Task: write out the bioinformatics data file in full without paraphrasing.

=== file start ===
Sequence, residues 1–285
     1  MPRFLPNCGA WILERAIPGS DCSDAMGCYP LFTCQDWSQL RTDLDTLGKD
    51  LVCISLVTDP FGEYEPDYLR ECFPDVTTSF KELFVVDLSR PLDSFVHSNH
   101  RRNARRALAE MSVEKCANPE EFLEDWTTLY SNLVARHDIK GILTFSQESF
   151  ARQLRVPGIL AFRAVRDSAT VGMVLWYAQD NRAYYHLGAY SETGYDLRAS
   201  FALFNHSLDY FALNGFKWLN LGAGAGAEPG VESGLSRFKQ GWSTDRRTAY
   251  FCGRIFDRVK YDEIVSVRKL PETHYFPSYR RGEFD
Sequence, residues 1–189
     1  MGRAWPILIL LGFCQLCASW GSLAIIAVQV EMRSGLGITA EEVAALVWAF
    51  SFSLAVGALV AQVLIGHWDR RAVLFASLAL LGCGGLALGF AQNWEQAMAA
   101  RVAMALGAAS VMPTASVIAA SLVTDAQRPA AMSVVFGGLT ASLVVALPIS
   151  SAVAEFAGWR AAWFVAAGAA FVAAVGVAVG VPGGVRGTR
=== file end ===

Sequence, residues 1–285
     1  MPRFLPNCGA WILERAIPGS DCSDAMGCYP LFTCQDWSQL RTDLDTLGKD
    51  LVCISLVTDP FGEYEPDYLR ECFPDVTTSF KELFVVDLSR PLDSFVHSNH
   101  RRNARRALAE MSVEKCANPE EFLEDWTTLY SNLVARHDIK GILTFSQESF
   151  ARQLRVPGIL AFRAVRDSAT VGMVLWYAQD NRAYYHLGAY SETGYDLRAS
   201  FALFNHSLDY FALNGFKWLN LGAGAGAEPG VESGLSRFKQ GWSTDRRTAY
   251  FCGRIFDRVK YDEIVSVRKL PETHYFPSYR RGEFD
Sequence, residues 1–189
     1  MGRAWPILIL LGFCQLCASW GSLAIIAVQV EMRSGLGITA EEVAALVWAF
    51  SFSLAVGALV AQVLIGHWDR RAVLFASLAL LGCGGLALGF AQNWEQAMAA
   101  RVAMALGAAS VMPTASVIAA SLVTDAQRPA AMSVVFGGLT ASLVVALPIS
   151  SAVAEFAGWR AAWFVAAGAA FVAAVGVAVG VPGGVRGTR